CRP's Blog

‹ Back To All Posts
January 21, 2019

Reflections on MLK day: young student leaders are the “hope for America’s future”


Claire Rudolf Murphy’s newest book Martin and Bobby: A Journey Toward Justice follows the lives, words and final days of Martin Luther King Jr. and Robert Kennedy. Fifty years later, their stories and speeches still stir people young and old, as Claire has seen in her bookstore events throughout America.

Read below to hear from Claire on her inspiration for writing Martin and Bobby, and about the young leaders today who constantly inspire her—and the nation—to speak out for justice.




On the evening of April 4, 1968, Senator Robert Kennedy stood on the back of a truck in a black neighborhood in Indianapolis, Indiana. But instead of telling people why they should vote for him for president, he had to announce that Dr. Martin Luther King Jr. had been killed in Memphis, Tennessee.

Riots had already begun to erupt in cities across the country, but the crowd in Indianapolis stood silent in grief. Bobby told them that he didn’t blame them for feeling angry. Instead he said that they had a choice about “what kind of a nation we want to be . . . and what direction we want to move in.”

Bobby’s profound speech that night prompted me to research and write Martin and Bobby. I was a teenager in 1968; my memories are still vivid about that turbulent, tragic time. Fifty years later, the lives and words of Kennedy and King still offer Americans inspiration and insight about how our country can face the challenges of economic and racial inequality and the need for leadership today, at another divisive time in our country.

Because my book is for readers 10 and up, I wanted to include teen leaders in my presentations. Tonight, on MLK Day, student leaders from Moscow (Idaho) High School will discuss their own leadership work and what they believe is needed from our elected officials today.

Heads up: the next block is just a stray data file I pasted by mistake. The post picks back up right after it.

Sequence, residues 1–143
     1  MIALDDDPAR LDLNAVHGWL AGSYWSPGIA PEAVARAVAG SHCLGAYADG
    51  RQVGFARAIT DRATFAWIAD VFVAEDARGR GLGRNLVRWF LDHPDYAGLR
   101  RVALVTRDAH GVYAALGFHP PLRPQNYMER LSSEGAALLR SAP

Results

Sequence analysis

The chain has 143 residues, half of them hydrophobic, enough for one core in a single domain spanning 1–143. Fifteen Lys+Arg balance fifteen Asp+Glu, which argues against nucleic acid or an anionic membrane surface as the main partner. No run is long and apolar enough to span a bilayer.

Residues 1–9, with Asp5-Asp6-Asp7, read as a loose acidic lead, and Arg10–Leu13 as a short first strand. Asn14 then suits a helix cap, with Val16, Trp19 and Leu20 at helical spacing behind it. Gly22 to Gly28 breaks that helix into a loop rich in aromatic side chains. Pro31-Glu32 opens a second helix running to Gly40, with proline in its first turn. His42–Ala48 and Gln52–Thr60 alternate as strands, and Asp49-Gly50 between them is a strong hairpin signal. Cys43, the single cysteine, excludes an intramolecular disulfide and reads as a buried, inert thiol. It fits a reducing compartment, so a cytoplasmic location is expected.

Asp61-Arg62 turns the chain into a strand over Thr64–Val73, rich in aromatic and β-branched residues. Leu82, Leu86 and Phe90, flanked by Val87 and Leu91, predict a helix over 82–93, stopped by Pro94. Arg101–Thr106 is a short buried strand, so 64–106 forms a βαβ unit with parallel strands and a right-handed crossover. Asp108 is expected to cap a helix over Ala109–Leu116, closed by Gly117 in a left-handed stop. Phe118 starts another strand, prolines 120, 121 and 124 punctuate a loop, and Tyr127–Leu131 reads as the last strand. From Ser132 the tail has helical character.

At my book launch in October at Aunties’ Bookstore in Spokane, Washington, the student panelists were the highlight of the evening. The leaders were involved in many activities—student government, sports, civil rights and school safety—and came from diverse backgrounds—African American, white, Hispanic American, and Samoan American. They discussed how to best honor Dr. King’s legacy, what it means to be a leader and what today’s protest movements can learn from the civil rights movement.

After my 30-minute presentation I listened as a sense of hope, optimism and positive energy resonated through the room while the students spoke. Their responses were frequently interrupted by applause and a few tears, as several in the audience were alive when Dr. King and Senator Kennedy were killed.

At the conclusion of the panel, each of the panelists was asked why they were involved in the work they were doing:

“If I don’t change the world, I can at least spark someone else.”

“I want to put my voice out there to say I want things to change.”

The youngest panelist captured the spirit of the evening, saying, “There’s a lot of things that can be done and someone has to do it.”

Afterward the moderator, Spokane activist Devon Wilson, said, “It was a rare event in which a panel was more than a panel. It was a time for reflection on yesterday’s victories, a break from today’s constant crises and, most importantly, a glimpse into the promises of tomorrow.”

I am so honored by their participation and that of the students preparing to participate at BookPeople of Moscow in Idaho on MLK day, and Third Place Books in Seattle on February 2nd. They bring alive the words and actions of Dr. King and Senator Kennedy and hope for America’s future.

—Claire Rudolf Murphy

teen leadership panel in Spokane



Additional information about Claire’s past and upcoming events can be found here.



No Comments

No comments yet.

Leave a Reply